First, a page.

Photo credit: Michael.Loadenthal (via flickr)

Accountability during the “war on livelihoods” in the West Bank

20 December 2011

Shining the spotlight on humanitarian accountability again is healthy given this month’s New Deal for Engagement in Fragile States with its focus on transparency and ownership of aid, and Busan’s effective development cooperation agenda.

The recent HPN debate on accountability left me reflecting on how much focus should be on accountability to – and as defined by – beneficiaries given the concerns about possible over-riding pressures for output-driven results-based aid in the UK, or in other countries. DfID’s humanitarian policy seems to try to balance accountability to taxpayers and to beneficiaries. It also contains a very clear commitment to strengthening civilian protection.


Protection was not mentioned during the debate, yet adequate protection responses strengthen states’ accountability in international law to their populations or populations on territory they occupy. Addressing this type of accountability by addressing violations in International Human Rights Law and International Humanitarian Law was an aspect that Palestinian populations in the South Hebron Hills knew needed strengthening as part of their non-violent approach. EAPPI[1] responded to this and so I worked with a team to set up a permanent programme to ensure that human rights observers monitor and report on human rights violations. Daily accountability for them is about protection outcomes related to getting access to water and fodder, and also increasing safety and dignity. It is about removing the concrete and stone barriers built by the Israeli military on tracks to Palestinian tented villages blocking villagers’ access by tractor to water and feed their sheep. It is about holding the Israeli authorities accountable, as the occupying authority, for ensuring that Israeli military and police protect the Bedouins and Falahin while harvesting their olives, preparing to plough their land, and when sending  their children safely to school, by actively stopping settler violence and harassment. Yet demolitions conducted by the Israeli military in violation of international law are on the increase, and 90% of complaints of settler violence were closed by the Israeli police without indictment in 2005-2010.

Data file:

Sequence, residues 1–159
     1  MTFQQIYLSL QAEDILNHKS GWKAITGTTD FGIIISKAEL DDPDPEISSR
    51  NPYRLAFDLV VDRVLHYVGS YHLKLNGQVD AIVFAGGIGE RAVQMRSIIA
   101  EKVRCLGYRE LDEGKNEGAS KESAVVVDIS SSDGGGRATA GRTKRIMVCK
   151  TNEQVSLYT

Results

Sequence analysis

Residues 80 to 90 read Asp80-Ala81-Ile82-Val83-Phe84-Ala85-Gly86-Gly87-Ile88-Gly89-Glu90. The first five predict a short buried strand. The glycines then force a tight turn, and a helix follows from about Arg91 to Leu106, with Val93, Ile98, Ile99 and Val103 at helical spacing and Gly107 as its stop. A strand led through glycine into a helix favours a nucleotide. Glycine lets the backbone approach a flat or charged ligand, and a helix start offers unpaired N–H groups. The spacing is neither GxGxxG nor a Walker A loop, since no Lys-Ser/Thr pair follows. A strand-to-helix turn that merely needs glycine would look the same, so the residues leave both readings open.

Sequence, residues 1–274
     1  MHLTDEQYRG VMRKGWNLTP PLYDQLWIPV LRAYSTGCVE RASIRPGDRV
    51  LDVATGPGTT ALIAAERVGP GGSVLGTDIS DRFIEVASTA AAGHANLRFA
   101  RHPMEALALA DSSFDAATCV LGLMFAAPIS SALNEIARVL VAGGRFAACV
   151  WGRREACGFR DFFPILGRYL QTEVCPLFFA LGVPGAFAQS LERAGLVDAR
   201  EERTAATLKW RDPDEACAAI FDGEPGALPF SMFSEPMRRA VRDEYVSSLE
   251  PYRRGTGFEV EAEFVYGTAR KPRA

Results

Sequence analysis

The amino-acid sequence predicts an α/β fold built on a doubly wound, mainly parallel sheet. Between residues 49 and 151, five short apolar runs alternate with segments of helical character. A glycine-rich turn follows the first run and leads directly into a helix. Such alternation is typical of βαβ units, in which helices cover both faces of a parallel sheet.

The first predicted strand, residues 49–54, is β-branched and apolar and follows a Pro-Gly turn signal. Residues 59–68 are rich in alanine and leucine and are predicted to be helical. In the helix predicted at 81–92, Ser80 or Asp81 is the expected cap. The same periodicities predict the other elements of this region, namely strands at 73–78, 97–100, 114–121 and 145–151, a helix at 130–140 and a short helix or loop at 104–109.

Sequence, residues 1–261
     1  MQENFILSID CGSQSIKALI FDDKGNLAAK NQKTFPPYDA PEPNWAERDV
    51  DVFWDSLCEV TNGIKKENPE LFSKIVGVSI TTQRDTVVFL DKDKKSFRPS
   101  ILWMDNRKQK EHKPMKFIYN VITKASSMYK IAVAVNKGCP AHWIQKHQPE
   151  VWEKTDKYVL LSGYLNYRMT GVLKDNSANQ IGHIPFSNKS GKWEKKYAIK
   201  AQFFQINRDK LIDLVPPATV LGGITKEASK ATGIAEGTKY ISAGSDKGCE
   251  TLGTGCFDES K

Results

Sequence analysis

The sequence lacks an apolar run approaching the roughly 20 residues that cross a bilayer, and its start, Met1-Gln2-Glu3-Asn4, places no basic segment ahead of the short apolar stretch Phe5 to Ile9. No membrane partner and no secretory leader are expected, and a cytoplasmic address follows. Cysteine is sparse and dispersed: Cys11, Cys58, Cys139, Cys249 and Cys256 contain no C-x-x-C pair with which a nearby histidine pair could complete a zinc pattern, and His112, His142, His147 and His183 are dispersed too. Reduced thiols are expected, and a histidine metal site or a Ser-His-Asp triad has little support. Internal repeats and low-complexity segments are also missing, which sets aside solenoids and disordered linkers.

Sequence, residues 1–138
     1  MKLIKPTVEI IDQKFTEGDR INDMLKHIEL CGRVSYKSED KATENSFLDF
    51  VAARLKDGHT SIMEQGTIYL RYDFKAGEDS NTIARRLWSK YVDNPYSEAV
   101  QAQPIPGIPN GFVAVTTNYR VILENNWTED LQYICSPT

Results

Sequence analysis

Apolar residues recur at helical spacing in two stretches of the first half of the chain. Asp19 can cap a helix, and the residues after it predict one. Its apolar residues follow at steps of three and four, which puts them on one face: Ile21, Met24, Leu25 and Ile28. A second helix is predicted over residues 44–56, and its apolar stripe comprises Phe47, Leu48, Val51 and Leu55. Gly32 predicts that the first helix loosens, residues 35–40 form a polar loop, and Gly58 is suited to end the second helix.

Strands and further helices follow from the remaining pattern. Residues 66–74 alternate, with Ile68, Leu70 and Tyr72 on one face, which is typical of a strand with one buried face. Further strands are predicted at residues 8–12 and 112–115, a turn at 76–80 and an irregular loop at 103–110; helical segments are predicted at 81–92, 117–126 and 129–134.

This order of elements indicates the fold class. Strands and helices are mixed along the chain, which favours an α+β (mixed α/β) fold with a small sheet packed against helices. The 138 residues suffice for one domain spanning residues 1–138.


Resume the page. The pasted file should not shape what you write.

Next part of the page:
For villages across the South Hebron Hills denouncing failures to protect under international law is core to accountability and on-site protection needs to be expanded. This is a point I raised to the UN’s coordinator for humanitarian and development activities, Maxwell Gaylard, in a meeting with local civil society in the weeks leading up to the Palestinian bid for statehood. UN OCHA, UN OHCHR and UNICEF and others in the West Bank and Gaza are working hard to incorporate a comprehensive protection approach within different clusters, supporting projects for legal redress, but they know more support is necessary.


Over and over again Palestinians with which EAPPI teams live and work ask for more human rights reporting and more community-based protective presence, including more advocacy from agencies that may have focused until now on material supplies. It is not easy given the Knesset’s attempts at restraining its own civil society.


However, this is what will be necessary in the South Hebron Hills to meet need identified in the assessment we conducted with villagers across 24 tented communities. Alarmed at the lack of accountability of the occupying authority, and a sense that other governments are not holding the occupier to account, in the face of mounting protection concerns during what UN OHCHR terms a ”war on livelihoods”, several leaders of the local Palestinian non-violent movement said, “We need four teams of you during harvest and ploughing… at least”.



[1]Human rights observers with the Ecumenical Accompaniment Programme in Palestine and Israel (EAPPI) provide protective presence to vulnerable communities, monitor and report human rights abuses, advocate for the respect of international law and UN Resolutions, and support Palestinians and Israelis working together for peace. EAPPI was established by the World Council of churches in 2002 in response to a call by the heads of Churches in Jerusalem.

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